I remember asking my mom when I was little, “Why do I have daddy’s name and not yours?” My mom (who is undoubtedly one of the strongest feminist influences in my life) wrestled with how to answer this question to an eight-year-old with no knowledge of the terms “patriarchy” or “sexism.” So she gave me the easy answer – “Because that’s just the way it’s been all this time.” I could tell that this was not the answer she wanted to give me, but the only one she could offer.
Rebecca Solnit considers this question and more in a collection of several essays discussing gender, patriarchy, and inequality in her newest book Men Explain Things To Me. You may have heard of Solnit after she posted her now famous essay about her encounters with “mansplaining” that launched the word into common knowledge and several “best word of the year” lists. Mansplaining is essentially when a man explains something to a female while automatically assuming she has little to no knowledge of the topic and that her capacity to understand is inferior to that of his. It comes from a place of condescension and superiority, and Solnit points out that women face this kind of treatment every day in different contexts such as women who are “academically mansplained” to.
While many people may brush it off as trivial, Solnit does a wonderful job of articulating the implications of this social phenomenon. It seems fairly innocuous, but it’s so ingrained in our society that we don’t notice it or speak up about it. But it’s a problem that’s indicative of a much larger, more flawed social system. It’s the silencing of women that “keeps women from speaking up and from being heard when they dare; [it] crushes young women into silence by indicating, the way harassment on the street does, that this is not their world. It trains us in self-doubt and self-limitation just as it exercises men’s unsupported overconfidence.” She incorporates anecdotes from her life and her experiences that have ranged from demeaning to humiliating.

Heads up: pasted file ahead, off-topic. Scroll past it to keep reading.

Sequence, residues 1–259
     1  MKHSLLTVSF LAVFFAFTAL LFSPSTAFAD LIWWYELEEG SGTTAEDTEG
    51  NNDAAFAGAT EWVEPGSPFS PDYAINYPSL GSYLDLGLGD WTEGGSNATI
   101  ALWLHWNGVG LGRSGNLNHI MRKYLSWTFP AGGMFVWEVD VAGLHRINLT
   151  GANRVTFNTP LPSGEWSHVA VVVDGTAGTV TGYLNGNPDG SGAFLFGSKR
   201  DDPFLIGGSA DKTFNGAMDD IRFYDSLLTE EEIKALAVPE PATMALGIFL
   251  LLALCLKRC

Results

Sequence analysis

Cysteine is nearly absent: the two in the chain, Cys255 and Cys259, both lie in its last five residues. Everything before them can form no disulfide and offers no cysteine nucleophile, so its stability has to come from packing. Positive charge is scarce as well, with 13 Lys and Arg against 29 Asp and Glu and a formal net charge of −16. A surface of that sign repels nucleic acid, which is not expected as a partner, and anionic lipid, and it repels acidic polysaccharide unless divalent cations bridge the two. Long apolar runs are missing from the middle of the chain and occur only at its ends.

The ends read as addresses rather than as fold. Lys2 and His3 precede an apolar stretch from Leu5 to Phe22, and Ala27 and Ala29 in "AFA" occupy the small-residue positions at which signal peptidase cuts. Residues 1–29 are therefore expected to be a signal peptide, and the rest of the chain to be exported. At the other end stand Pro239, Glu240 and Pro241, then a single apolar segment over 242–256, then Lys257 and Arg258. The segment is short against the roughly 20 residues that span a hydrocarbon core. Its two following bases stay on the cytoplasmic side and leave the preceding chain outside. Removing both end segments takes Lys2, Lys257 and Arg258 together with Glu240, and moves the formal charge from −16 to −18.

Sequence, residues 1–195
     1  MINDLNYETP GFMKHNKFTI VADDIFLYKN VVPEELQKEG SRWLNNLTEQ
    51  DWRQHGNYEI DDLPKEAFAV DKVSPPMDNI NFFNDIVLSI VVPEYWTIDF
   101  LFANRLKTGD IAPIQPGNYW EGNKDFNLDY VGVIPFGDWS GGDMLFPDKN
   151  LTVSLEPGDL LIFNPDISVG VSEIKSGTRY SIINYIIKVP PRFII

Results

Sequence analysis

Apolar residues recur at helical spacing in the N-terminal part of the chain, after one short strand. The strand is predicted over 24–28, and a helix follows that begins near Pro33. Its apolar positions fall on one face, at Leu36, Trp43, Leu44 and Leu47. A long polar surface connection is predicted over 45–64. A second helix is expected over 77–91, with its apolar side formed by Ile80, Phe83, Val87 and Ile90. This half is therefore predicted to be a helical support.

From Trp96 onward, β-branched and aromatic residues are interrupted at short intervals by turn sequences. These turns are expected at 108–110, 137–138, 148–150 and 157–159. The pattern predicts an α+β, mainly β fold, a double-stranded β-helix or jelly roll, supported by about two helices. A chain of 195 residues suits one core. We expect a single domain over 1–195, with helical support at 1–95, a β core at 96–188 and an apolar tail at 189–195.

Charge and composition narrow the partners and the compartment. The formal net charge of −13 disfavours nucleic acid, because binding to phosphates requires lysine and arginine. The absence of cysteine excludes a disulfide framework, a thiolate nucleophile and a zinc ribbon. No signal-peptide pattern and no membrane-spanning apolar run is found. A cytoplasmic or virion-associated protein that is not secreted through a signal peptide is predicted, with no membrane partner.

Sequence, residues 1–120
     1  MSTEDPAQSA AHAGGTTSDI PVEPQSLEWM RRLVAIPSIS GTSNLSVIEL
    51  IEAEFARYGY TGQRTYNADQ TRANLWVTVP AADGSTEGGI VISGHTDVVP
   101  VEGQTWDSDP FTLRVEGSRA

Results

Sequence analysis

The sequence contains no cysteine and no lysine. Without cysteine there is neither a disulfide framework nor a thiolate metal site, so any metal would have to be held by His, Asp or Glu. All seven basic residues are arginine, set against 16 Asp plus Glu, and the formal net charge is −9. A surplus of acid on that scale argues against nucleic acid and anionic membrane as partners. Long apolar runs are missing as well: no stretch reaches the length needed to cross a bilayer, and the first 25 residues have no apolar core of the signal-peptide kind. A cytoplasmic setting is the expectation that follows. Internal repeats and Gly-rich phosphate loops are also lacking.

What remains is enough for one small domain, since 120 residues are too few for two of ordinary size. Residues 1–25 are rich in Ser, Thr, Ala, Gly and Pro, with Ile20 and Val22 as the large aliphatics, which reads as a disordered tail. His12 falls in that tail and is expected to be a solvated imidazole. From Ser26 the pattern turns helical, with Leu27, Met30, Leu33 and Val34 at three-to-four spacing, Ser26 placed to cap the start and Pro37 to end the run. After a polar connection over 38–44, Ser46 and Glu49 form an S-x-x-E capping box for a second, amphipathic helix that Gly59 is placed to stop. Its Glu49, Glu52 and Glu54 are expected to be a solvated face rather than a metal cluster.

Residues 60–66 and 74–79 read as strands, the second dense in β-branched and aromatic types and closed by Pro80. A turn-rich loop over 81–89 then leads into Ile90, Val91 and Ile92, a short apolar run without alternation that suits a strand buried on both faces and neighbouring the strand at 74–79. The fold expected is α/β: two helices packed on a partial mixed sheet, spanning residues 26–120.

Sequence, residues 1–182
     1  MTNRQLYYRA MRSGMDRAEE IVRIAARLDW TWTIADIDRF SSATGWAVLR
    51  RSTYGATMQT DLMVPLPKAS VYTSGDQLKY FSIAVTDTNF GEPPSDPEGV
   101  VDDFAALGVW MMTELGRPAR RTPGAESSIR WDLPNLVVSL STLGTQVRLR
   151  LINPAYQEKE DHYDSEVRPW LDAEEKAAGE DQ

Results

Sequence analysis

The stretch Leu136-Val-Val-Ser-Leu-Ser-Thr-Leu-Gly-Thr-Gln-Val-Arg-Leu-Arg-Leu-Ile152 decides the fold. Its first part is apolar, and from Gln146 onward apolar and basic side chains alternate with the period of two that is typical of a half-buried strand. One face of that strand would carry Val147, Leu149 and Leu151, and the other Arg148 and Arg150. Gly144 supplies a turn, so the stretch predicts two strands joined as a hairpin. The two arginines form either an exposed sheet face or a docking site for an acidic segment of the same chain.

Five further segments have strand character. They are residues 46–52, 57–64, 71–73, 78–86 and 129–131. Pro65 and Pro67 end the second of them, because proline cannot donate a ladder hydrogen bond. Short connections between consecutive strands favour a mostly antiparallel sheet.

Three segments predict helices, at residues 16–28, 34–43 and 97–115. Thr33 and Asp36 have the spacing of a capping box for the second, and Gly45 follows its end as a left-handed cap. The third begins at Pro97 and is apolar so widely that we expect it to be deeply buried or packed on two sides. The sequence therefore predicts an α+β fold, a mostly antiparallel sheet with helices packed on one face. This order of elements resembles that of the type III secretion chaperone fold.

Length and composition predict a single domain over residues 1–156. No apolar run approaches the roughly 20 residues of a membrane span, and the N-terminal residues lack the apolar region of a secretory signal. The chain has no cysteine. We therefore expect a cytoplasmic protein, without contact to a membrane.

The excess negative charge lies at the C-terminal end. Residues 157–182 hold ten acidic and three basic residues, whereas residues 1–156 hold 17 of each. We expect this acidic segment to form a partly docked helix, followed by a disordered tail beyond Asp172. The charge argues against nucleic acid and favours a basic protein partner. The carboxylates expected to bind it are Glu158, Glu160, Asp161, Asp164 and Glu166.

A common thread throughout her essays is the various ways women are silenced by society. She covers important topics like domestic violence, rape, and marriage equality. A particularly beautiful essay entitled “Grandmother Spider” discusses the erasure of women. It’s one of the more ingrained aspects of patriarchy that we don’t consider all the time—how women are not included in the lineage of our families. “Fathers have sons and grandsons and so the lineage goes, with the name passed on; the tree branches and the longer it goes on the more people are missing: sisters, aunts, mothers, grandmothers, great-grandmothers, a vast population made to disappear on paper and in history.” The “business of naming,” a testament to the exclusion and erasure borne by women, also begs the question of just how many women and their contributions and legacies have been erased from history?
Solnit also discusses the future of feminism, comparing it to Pandora’s box; we shouldn’t be discouraged by obstacles (those trying to put us back in the box) because the ideas of equality have been released and spread and there is no way opponents can truly erase that. The one thing we can do is avoid complacency and continue advancing through solidarity and conviction. Solnit encourages hope. “Young feminists are a thrilling phenomenon: smart, bold, funny defenders of rights and claimers of space – and changers of conversation,” she writes.
Overall, Men Explain Things to Me is a very short read. It should take you no longer than two or three hours to finish the seven essays. All of them are self-contained essays covering a span of topics including domestic violence and the gravity of the rape culture in many settings such as college campuses and the international arena. She weaves personal stories, statistics and numbers, political implications, and history to create a full picture of all the issues covered. This book is a great gift to give your sister, best friend, daughter, or basically anyone who enjoys engaging in this dialogue. It will bring up aspects of issues you’ve never considered. You’ll probably find solidarity in some of the experiences, and it can be a great introduction to those who might not be familiar with the topics. Pick it up and start a conversation.
Cover image courtesy of Salon.